Get cozy and stay warm


The ancients who developed Chinese medicine believed that we should live in harmony with the seasons—so in winter we should focus on nurturing yin and subduing yang. It is a time to recuperate and revitalize, especially our Kidney energy (since winter is considered the season of the Kidneys). Canadian mothers were right to tell their children to keep their Kidneys (aka the lower back) warm and covered in the cold, because this helps keep us healthy and well. Especially true for anyone at all prone to aches and tightness in this area. The bones are thought to be associated with the Kidneys, so it also makes sense that moms instinctively put a bone in the soup pot to make nourishing broth to feed their families during the winter months.

So this winter, follow your instinct: Rest more, eat nourishing foods, and keep warm.

Learn more about Traditional Chinese Medicine Acupuncture and how Laura Audrey Shin, R.Ac can help!

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Winter on Lake Ontario

As the nights get longer and the temperature drops, something seems to tell us to stay home and get cozy. We crave warm foods and hot drinks and evenings in front of the fire. This makes perfect sense in the context of Chinese medicine. Winter is yin—the coolest, slowest, and darkest part of the year. In nature, it is the season of rest and rejuvenation. Compare that to summer, which is all yang—hot, active, and sunny.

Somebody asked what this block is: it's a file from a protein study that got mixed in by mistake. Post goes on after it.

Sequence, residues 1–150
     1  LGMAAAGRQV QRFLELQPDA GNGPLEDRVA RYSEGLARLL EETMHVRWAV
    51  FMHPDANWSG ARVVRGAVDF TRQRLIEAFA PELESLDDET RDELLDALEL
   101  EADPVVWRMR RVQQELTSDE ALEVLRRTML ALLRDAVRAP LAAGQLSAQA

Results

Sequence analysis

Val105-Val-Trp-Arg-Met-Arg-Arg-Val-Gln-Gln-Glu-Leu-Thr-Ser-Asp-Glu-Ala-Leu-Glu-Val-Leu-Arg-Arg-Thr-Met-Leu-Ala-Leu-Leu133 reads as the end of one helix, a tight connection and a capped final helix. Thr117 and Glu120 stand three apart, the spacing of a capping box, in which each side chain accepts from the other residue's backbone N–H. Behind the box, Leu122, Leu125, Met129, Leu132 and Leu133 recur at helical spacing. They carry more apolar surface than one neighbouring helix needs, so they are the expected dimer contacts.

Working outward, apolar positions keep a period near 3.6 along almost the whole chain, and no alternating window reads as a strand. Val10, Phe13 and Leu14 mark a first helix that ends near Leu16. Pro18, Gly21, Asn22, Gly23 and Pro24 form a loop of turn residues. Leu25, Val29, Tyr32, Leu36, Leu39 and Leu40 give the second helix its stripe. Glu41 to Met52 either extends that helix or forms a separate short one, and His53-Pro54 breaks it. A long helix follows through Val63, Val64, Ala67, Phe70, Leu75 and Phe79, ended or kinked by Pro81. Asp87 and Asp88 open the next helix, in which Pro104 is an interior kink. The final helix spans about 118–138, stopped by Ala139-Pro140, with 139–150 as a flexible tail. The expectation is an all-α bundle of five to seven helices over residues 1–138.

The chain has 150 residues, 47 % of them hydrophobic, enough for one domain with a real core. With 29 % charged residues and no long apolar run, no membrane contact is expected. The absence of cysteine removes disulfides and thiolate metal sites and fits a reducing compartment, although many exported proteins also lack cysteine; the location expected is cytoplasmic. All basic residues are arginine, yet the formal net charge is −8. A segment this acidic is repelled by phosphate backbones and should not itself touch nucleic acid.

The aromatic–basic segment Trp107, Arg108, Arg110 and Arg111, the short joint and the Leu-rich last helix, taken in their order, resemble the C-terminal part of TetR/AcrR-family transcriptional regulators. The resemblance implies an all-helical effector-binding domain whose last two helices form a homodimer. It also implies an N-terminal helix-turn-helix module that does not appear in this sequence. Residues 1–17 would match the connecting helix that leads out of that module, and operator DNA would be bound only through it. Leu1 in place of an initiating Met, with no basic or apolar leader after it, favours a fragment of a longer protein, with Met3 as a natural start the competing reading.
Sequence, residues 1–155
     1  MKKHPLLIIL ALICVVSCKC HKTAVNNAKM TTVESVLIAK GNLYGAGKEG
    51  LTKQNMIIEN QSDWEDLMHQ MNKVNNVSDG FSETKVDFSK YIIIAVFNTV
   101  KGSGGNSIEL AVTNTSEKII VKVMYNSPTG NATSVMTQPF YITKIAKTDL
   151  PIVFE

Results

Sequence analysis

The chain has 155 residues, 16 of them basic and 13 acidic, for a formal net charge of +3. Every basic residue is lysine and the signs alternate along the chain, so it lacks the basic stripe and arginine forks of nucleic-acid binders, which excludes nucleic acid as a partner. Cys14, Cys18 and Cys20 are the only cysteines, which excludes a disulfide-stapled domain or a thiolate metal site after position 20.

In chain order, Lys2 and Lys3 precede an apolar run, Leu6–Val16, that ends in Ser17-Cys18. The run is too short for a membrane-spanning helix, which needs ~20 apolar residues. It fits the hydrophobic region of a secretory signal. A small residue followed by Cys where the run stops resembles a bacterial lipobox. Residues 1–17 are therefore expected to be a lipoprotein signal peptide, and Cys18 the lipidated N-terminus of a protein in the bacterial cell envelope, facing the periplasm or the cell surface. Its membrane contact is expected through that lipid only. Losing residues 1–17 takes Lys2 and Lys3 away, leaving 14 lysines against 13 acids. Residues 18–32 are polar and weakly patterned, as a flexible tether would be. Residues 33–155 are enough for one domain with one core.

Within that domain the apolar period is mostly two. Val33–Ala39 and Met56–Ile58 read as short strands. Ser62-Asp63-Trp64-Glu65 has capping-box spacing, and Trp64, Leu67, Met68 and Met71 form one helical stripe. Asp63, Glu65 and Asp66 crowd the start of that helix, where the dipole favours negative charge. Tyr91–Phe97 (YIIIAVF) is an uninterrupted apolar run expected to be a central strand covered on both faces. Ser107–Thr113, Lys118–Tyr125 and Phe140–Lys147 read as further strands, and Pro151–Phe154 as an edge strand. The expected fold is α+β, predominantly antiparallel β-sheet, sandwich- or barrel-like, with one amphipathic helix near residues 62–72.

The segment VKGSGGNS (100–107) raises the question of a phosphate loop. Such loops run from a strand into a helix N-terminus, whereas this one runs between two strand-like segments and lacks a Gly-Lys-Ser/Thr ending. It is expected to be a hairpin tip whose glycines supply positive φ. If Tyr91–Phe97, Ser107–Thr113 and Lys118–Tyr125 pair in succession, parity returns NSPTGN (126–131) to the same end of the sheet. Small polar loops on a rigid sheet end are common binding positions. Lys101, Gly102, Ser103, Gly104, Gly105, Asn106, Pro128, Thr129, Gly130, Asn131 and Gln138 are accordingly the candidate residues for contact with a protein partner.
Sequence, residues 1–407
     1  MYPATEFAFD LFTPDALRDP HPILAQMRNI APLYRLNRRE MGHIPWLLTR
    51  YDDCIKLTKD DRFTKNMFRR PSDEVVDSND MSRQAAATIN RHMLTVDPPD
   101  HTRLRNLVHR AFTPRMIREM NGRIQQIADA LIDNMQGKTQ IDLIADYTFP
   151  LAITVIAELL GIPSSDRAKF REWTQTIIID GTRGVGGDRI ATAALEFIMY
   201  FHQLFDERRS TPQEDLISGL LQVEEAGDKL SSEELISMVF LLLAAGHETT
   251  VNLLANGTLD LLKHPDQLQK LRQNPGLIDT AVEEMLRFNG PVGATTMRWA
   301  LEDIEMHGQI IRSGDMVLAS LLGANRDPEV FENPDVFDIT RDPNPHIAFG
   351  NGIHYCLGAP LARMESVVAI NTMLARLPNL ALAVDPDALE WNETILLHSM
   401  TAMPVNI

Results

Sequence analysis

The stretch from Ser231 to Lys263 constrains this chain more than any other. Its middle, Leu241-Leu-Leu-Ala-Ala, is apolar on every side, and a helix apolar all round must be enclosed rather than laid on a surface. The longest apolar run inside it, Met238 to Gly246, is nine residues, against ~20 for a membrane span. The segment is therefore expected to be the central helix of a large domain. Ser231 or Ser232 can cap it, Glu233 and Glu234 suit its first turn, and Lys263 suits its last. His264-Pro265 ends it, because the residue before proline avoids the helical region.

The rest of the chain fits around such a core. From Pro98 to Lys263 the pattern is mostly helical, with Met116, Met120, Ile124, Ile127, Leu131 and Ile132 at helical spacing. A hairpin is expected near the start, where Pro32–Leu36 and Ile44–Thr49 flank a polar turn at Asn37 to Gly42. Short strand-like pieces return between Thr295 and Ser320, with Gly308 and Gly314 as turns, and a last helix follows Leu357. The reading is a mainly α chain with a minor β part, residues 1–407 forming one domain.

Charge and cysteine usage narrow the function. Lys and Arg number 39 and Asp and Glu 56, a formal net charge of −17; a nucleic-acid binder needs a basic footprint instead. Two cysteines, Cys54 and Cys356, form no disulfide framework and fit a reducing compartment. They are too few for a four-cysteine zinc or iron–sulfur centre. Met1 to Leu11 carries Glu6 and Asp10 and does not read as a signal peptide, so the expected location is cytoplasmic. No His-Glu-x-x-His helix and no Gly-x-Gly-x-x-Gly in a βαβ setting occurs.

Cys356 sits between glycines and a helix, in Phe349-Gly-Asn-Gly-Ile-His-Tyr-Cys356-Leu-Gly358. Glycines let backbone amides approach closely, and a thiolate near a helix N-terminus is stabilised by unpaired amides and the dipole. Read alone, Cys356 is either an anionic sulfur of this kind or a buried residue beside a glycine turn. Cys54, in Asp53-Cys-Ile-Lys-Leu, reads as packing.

Laura Shin



Laura has a life-long interest in health and wellness, particularly alternative and complementary therapies. After years of self-learning, she left a career in the publishing industry to pursue acupuncture and Traditional Chinese Medicine. She graduated from Toronto’s SSC Acupuncture Institute with a high honours diploma and has additional training in Cosmetic acupuncture and Japanese acupuncture. She has also developed and taught courses in cosmetic acupressure and insomnia relief for the Toronto District School Board’s Continuing Education program.